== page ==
THOSE WHO OPPOSE SCIENTOLOGY
The harassment of the Church and its leaders for purposes totally removed from proper enforcement of the tax laws was definitively exposed during a series of Congressional investigations and hearings in the 1970s. These hearings focused on, among other things, the infamous 1969 Nixon White House enemies list, and revealed previously secret and illegal IRS programs against individuals and organizations, including the Church of Scientology.
History shows us that of the 213 names on the Nixon list, 211 were left bankrupt, collapsed, disbanded or dead. Indeed, of the individuals and organizations on that infamous enemies list, only two survived intact: L. Ron Hubbard and the Church of Scientology. That these attacks continued for as many years as they did serves as a study in how bureaucratic momentum can carry raw animus forward long after the initial reason has been forgotten.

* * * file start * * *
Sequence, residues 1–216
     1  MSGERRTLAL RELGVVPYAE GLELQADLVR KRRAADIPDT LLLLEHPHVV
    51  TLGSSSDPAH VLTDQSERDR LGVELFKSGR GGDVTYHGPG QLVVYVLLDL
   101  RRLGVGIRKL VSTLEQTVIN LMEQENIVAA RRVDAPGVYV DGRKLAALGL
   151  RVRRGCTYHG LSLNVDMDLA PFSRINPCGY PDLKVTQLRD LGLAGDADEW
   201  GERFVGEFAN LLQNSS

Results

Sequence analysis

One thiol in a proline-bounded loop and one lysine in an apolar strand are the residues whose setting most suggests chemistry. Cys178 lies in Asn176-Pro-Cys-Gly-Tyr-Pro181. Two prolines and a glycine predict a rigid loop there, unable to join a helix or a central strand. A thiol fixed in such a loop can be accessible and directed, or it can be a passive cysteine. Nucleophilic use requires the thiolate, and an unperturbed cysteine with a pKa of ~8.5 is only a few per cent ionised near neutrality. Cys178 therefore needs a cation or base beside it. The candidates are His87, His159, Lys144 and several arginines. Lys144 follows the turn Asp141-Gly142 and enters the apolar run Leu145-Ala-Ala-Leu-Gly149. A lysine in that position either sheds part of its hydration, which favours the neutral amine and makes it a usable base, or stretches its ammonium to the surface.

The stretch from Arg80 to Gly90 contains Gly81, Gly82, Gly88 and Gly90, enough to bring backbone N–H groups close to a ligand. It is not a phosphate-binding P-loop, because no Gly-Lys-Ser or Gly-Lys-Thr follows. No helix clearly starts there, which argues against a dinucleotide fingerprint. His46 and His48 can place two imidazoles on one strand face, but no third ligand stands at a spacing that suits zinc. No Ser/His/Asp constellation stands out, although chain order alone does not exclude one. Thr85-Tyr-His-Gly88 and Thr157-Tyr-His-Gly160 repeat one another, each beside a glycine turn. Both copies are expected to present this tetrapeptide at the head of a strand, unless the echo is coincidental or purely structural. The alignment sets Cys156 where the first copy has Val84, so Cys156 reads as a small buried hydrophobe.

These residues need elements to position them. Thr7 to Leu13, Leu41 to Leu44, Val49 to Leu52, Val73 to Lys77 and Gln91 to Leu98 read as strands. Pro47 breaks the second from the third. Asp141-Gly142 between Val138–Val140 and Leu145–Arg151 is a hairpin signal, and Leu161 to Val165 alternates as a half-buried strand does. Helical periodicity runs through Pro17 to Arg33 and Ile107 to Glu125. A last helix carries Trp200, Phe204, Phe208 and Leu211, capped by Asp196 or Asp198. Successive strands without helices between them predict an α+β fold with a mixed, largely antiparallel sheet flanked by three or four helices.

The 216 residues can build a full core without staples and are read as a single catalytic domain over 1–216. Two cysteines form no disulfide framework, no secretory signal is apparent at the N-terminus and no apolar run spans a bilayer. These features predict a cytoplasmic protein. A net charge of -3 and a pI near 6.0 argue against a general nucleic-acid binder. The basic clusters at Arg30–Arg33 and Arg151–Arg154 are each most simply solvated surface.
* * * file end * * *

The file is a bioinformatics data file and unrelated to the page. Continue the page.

The whole tiresome history of IRS attacks would fill a book. Faced with the choice of defending itself or perishing, the Church used the Freedom of Information Act (FOIA) to obtain and ultimately expose government documents which demonstrated a broad range of discriminatory conduct and illegal acts against the Church and its parishioners by certain elements within the IRS. When the agency balked at releasing the information, the Church was forced to litigate hundreds of cases which ultimately resulted in precedent-setting legislation and exposure and confirmation of the very matters alleged by the Church, and more. One federal judge credited the Church with reforming IRS procedures which directly benefited over 1,000 cases involving identical legal issues. An official of the US Department of Justice remarked that the Churchs actions significantly contributed to the preservation of democracy for everyone. Indeed, it is virtually impossible to read a page in a legal textbook about the FOIA today without finding a precedent set by the Church of Scientology.
More statistical facts about Scientology